Methylphenidate (Ritalin)

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Methylphenidate is a stimulant that’s widely used in the treatment of ADHD. It is also used for narcolepsy and has been looked at for many other conditions.

Outside of medical settings, it can provide recreational and work-enhancing effects. As such, prescriptions are often diverted.

The effects provided by methylphenidate (e.g. stimulation and euphoria) are generally less significant than what’s seen with an amphetamine like adderall.


Methylphenidate = Ritalin; Concerta; Methylin; methyl 2-phenyl-2-(piperidin-2-yl)acetate


Dose

Oral

Light: 20 – 40 mg

Common: 40 – 60 mg

Strong: 60 – 80 mg

Intranasal

Light: 5 – 15 mg

Common: 15 – 40 mg

Strong: 40 – 60 mg


Timeline

Oral

Total: 4 – 6 hours

Onset: 00:30 – 01:00

Intranasal

Total: 2 – 5 hours

Onset: 00:05 – 00:15


Experience Reports

Erowid



Test Results


References

(2016) Methylphenidate for Attention-Deficit/Hyperactivity Disorder in Children and Adolescents.

(2016) Methylphenidate does not enhance visual working memory but benefits motivation in macaque monkeys.

(2015) Methylphenidate for attention-deficit/hyperactivity disorder in children and adolescents: Cochrane systematic review with meta-analyses and trial sequential analyses of randomised clinical trials

(2014) Fatal oral methylphenidate intoxication with postmortem concentrations.

(2014) Tactile hallucinations with fluoxetine and methylphenidate.

(2012) Methylphenidate enhances NMDA-receptor response in medial prefrontal cortex via sigma-1 receptor: a novel mechanism for methylphenidate action.

(2011) Illicit methylphenidate use among Iranian medical students: prevalence and knowledge

(2010) Electrocardiographic effects of methylphenidate overdose.

(2010) A case of suicide attempt with long-acting methylphenidate (Concerta).

(2010) Intermittent methylphenidate during adolescent development produces locomotor hyperactivity and an enhanced response to cocaine compared to continuous treatment in rats.

(2008) Misuse and diversion of stimulants prescribed for ADHD: a systematic review of the literature.

(2005) Characteristics of methylphenidate misuse in a university student sample.

(2003) Poison centers’ experience with methylphenidate abuse in pre-teens and adolescents.

(2002) Illicit intravenous use of methylphenidate (ritalin) tablets: A review of four cases

(2002) Abuse and toxicity of methylphenidate.

(2001) Near-fatal methylphenidate misuse.

(2001) Therapeutic doses of oral methylphenidate significantly increase extracellular dopamine in the human brain.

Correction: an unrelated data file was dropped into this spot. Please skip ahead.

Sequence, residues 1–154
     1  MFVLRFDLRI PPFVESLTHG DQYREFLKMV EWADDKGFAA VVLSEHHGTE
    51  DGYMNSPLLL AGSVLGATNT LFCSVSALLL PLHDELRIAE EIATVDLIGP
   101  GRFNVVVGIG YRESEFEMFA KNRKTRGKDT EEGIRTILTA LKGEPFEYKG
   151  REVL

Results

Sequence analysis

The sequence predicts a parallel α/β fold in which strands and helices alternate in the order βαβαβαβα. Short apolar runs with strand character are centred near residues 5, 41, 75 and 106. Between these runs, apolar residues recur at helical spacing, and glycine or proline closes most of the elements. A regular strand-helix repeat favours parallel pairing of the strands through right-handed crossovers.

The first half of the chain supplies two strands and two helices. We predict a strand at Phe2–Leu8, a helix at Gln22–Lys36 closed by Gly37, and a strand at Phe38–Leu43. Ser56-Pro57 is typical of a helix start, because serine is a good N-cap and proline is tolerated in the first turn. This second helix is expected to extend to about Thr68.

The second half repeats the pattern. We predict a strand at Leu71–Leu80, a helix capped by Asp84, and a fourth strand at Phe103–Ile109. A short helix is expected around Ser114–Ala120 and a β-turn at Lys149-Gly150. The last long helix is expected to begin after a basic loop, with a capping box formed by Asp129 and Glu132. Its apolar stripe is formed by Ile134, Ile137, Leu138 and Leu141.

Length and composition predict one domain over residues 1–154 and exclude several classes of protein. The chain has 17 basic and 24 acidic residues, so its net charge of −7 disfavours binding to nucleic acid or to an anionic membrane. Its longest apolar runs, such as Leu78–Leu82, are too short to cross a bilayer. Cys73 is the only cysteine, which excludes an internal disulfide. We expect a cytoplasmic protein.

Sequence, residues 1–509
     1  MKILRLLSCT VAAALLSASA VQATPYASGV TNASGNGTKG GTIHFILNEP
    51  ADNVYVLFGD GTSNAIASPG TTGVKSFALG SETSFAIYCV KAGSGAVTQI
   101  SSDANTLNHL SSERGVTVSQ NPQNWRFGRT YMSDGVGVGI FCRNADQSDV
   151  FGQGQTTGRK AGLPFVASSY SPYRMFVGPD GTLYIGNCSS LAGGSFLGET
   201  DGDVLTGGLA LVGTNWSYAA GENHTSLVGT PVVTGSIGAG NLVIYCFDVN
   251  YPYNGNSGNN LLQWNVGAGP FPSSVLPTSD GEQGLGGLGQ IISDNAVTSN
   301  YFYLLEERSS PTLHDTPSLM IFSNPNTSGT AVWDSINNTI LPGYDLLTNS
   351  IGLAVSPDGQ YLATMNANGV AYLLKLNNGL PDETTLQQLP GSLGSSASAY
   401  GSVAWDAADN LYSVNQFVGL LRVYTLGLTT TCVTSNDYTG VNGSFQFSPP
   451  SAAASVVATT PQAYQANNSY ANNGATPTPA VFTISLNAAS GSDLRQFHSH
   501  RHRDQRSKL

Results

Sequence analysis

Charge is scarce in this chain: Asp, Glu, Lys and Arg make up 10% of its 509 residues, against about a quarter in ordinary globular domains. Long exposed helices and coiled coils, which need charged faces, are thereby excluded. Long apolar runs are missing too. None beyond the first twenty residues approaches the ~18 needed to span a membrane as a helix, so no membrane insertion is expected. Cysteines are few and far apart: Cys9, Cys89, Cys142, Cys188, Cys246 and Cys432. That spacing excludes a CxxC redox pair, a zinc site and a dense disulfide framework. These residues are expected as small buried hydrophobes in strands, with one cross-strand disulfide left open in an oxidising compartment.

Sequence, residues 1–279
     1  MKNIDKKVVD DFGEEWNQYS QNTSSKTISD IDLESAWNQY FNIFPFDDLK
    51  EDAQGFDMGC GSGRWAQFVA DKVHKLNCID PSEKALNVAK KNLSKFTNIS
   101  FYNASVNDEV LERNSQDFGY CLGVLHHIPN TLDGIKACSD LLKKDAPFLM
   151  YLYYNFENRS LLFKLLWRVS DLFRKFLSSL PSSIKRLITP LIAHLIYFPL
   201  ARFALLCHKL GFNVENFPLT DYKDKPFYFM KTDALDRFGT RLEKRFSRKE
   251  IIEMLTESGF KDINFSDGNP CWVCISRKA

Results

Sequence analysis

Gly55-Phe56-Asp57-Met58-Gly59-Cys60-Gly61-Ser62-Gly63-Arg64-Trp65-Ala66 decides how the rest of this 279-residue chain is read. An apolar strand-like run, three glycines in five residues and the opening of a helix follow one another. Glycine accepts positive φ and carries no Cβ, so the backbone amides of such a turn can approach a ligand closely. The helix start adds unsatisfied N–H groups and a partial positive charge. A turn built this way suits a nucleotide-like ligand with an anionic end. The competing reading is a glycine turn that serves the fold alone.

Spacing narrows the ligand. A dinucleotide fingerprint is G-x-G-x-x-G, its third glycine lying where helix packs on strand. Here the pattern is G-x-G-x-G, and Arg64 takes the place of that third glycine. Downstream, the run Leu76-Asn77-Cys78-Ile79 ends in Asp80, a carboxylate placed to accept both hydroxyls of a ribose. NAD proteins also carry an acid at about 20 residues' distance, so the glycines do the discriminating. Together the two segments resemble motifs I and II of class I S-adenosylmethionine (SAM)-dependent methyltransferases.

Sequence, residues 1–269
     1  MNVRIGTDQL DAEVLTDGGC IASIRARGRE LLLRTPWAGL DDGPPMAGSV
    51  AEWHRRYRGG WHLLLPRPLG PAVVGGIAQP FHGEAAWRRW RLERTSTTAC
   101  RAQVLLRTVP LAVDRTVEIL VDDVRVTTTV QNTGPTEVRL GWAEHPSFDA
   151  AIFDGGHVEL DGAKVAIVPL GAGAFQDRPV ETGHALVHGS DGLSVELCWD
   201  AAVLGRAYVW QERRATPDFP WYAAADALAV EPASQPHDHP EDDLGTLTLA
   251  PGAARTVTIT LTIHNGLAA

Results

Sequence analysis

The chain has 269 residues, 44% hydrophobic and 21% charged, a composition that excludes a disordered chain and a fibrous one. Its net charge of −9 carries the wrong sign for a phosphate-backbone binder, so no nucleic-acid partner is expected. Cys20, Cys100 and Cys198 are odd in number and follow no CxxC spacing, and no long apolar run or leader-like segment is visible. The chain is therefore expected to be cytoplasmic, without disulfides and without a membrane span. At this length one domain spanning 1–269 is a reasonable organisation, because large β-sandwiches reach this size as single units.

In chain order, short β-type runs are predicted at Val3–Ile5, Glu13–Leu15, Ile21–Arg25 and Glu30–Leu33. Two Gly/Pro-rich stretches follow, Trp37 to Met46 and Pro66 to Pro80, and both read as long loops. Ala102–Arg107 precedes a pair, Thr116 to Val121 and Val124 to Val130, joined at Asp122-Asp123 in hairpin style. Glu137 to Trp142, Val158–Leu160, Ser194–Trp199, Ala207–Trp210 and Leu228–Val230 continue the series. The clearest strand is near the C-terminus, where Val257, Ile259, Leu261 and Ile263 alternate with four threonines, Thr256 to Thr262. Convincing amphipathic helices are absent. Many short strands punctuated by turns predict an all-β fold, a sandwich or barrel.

(2001) Assessing the abuse potential of methylphenidate in nonhuman and human subjects: a review.

(2000) Methylphenidate: its pharmacology and uses.

(2000) Methylphenidate Abuse and Psychiatric Side Effects

(2000) Methylphenidate Misuse in Substance Abusing Adolescents

(2000) Ethylphenidate formation in human subjects after the administration of a single dose of methylphenidate and ethanol.

(2000) A profile of methylphenidate exposures.

(1999) Association of the dopamine transporter gene (DAT1) with poor methylphenidate response.

(1998) Selective effects of methylphenidate in attention deficit hyperactivity disorder: A functional magnetic resonance study

(1997) Clinical efficacy of methylphenidate in conduct disorder with and without attention deficit hyperactivity disorder.

(1997) Effects of methylphenidate on extracellular dopamine, serotonin, and norepinephrine: comparison with amphetamine.

(1996) Increased methylphenidate usage for attention deficit disorder in the 1990s.

(1995) Bupropion versus methylphenidate in the treatment of attention-deficit hyperactivity disorder.

(1995) Differential effects of methylphenidate on working memory in ADHD children with and without comorbid anxiety.

(1991) Intranasal abuse of prescribed methylphenidate by an alcohol and drug abusing adolescent with ADHD.

(1991) Methylphenidate and dextroamphetamine treatments of hyperactivity: are there true nonresponders?

(1986) Fatality resulting from methylphenidate overdose.

(1972) Fatal pulmonary hypertension from intravenous injection of methylphenidate (Ritalin) tablets.

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  • lele boo

    What about the reports about Ritalin causing constriction
    of veins and arteries, causing the heart to work overtime and inevitably leading
    to damage to the organ itself and a number of children’s deaths, that have been
    linked with these types of drugs used as treatment for ADHD?

    • Methylphenidate isn’t associated with death in children when used therapeutically. It has a minor/mild effect on the cardiovascular system in those settings. Organ damage also is not associated with the drug when used for ADHD.